90 years is a long, long time for a community theatre company to be in existence. I should know. Over the years, I’ve been involved in one way or another with just about every major community theatre company in New York City. I have acted, directed, produced, worked backstage, designed and built sets, and pretty much even run my own community theatre group. I know what it takes and it’s not an easy endeavour. I can can attest to the fact that keeping a community theatre company running year after year, facing membership and audience challenges, raising funds and basically just holding on to a venue makes it close to impossible. So when the folks at the St. Bart’s Players in midtown Manhattan reached out about their 90th Anniversary, I was not only surprised, but very impressed. This type of achievement is very uncommon in the fickle world of community theatre. But if you’ve ever seen any shows at St. Barts, you would soon realize that there is community theatre...and then there’s St. Barts. I talked to Lauren Conlin, a member for 5 years, and co-chair of the group along with Alex Farlow to learn more about St. Bart’s and share some of its history in this exclusive interview. With help from Melissa Broder and Merrill Vaughn, both who have been members over 20 years, we are able to share a little history about this remarkable group.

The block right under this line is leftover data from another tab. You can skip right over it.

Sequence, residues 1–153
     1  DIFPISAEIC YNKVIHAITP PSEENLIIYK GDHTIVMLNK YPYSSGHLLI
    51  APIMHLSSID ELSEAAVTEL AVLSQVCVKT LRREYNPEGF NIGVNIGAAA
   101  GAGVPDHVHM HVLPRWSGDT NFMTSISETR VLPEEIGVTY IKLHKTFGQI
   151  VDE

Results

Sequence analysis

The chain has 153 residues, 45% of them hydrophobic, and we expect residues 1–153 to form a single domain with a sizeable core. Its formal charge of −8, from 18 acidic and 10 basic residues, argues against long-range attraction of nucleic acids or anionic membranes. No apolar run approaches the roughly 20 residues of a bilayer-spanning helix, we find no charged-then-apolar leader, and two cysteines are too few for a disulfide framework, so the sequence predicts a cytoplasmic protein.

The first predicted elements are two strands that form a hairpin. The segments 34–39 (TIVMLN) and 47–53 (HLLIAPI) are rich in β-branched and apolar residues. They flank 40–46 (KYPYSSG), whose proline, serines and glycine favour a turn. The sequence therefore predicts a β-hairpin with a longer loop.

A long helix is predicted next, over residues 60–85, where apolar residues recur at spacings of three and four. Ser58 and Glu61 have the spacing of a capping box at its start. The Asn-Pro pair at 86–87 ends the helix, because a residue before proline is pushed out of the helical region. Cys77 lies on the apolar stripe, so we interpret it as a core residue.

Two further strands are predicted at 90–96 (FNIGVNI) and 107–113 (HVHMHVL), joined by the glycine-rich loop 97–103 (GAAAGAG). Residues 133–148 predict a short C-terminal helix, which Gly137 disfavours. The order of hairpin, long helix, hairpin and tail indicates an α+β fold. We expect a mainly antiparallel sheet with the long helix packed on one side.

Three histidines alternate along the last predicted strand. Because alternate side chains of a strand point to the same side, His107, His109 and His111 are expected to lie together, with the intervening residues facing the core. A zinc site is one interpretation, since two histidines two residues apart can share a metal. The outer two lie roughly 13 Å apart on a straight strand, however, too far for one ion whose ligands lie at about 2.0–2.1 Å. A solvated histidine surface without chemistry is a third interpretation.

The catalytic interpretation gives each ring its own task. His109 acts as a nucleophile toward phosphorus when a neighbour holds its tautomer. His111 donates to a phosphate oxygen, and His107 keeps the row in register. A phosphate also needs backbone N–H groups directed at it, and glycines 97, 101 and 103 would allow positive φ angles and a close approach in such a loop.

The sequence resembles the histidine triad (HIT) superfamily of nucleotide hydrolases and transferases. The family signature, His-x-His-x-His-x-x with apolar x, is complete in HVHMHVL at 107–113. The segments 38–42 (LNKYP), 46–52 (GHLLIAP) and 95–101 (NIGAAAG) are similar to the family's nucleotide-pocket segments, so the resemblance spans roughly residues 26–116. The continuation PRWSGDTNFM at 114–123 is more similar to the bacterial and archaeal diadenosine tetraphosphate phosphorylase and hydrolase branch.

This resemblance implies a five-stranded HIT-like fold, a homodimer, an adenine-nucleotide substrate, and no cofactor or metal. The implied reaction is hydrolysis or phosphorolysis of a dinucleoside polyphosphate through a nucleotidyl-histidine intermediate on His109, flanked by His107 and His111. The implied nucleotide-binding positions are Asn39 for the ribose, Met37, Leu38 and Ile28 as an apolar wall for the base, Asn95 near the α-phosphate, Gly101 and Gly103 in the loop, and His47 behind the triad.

Q ~ Why was the group started? I'm curious to know about the early history, and how it endured for so very long.
Lauren Conlin: In 1927, the St. Bart's Players, a non-denominational organization, was founded as part of the Community Club at St Bartholomew’s Church. Its initial mission was to serve as “a place where young poets, musicians, artists and dramatists could express themselves.” It was essentially a haven for young adults who needed a place for expression within an often inhumane city. As the longest-running community theater in New York, the St. Bart’s Players is unique in the city’s theater history. Members and audiences alike have long considered The St. Bart’s Players the friendliest theater company in New York – a welcoming and inclusive theater “home.” The group survived the Great Depression, the Second World War, and the Turbulent Sixties, remaining through it all, a sanctuary for those seeking affordable theater. Its continued existence attests to unequaled endurance in the toughest theatrical city in the world.
Q ~ 90 years is a very long time. Why do you think the group has lasted so long? Is there anything different about it has helped St. Bart’s survive this long?